Although familiarity does not always breed contempt, it certainly can lead to complacency. Take two of the most widely used instruments in our daily tasks: the Bovie cautery and the anesthesia record. Few remember that it was Harvey Cushing, the father of modern neurosurgery, who was responsible in the early 20th century for introducing these instruments to the surgeon's toolbox.1 Fewer still recall that he also promulgated the importance of mentoring promising residents and serving as role models to future surgical leaders. Our current emphasis on downloadable “get it now” technology renders it too easy to forget our own immediate past and our own role models and mentors, who needn't have been of Cushing's stature to have nurtured us and given shape to our daily lives.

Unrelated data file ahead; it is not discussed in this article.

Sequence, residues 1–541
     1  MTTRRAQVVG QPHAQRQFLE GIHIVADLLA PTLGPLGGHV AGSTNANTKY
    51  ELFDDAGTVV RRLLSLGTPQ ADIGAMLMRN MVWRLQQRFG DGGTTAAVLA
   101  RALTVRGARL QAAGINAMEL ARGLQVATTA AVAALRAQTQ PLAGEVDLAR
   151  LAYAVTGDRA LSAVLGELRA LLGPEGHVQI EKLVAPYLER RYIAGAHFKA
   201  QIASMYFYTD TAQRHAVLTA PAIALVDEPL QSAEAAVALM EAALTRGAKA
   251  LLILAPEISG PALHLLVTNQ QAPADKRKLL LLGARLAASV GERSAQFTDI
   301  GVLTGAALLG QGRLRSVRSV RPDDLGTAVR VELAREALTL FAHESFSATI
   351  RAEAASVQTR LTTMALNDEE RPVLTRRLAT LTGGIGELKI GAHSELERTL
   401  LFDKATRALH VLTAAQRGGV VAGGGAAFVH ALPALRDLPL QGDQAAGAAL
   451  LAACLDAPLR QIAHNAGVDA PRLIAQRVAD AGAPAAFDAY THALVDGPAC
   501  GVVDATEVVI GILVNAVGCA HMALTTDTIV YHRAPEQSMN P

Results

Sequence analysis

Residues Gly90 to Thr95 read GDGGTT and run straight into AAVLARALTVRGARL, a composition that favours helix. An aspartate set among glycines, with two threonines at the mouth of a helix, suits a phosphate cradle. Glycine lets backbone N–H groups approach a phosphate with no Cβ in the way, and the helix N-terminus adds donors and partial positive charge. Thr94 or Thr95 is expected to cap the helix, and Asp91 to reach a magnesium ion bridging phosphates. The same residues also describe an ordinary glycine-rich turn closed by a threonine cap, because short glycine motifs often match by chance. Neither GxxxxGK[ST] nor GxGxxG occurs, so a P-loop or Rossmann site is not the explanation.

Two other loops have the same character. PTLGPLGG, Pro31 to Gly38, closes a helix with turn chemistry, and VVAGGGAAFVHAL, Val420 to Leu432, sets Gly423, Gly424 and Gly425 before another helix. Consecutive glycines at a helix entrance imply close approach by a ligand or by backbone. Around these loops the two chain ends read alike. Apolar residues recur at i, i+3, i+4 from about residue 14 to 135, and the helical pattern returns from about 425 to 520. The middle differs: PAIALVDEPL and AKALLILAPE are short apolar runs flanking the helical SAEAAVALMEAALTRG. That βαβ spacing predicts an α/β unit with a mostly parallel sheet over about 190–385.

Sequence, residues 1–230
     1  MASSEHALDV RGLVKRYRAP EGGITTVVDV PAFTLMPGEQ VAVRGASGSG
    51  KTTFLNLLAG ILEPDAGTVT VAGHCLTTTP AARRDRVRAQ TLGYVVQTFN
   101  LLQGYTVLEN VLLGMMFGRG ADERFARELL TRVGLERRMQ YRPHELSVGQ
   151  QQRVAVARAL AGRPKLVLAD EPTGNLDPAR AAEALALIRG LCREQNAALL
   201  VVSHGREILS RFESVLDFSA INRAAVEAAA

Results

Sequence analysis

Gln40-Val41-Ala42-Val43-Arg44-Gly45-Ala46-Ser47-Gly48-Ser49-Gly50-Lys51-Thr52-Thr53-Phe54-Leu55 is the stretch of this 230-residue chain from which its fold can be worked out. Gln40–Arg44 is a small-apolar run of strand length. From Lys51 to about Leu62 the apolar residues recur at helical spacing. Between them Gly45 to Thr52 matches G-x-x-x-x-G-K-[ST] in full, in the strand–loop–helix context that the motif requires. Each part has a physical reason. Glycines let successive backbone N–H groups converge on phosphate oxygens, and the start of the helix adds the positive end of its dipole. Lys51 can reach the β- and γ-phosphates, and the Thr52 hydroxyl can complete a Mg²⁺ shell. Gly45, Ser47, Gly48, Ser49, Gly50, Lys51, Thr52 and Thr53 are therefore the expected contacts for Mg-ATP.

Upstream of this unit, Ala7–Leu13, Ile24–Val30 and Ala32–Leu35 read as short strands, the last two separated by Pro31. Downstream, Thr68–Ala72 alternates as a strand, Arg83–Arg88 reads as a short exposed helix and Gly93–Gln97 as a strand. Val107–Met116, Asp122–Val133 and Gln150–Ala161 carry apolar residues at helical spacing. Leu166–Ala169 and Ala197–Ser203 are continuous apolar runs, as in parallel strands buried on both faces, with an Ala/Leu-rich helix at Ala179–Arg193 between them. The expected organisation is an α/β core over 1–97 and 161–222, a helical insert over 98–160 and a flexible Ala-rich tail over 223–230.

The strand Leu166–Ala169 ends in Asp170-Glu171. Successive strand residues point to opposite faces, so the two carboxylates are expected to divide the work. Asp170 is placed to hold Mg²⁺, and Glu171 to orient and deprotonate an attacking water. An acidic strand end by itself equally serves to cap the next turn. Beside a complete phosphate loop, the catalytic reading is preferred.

Abemayor E. Mentoring and Mentors: Can We Do Enough? Arch Otolaryngol Head Neck Surg. 2007;133(2):109. doi:10.1001/archotol.133.2.109
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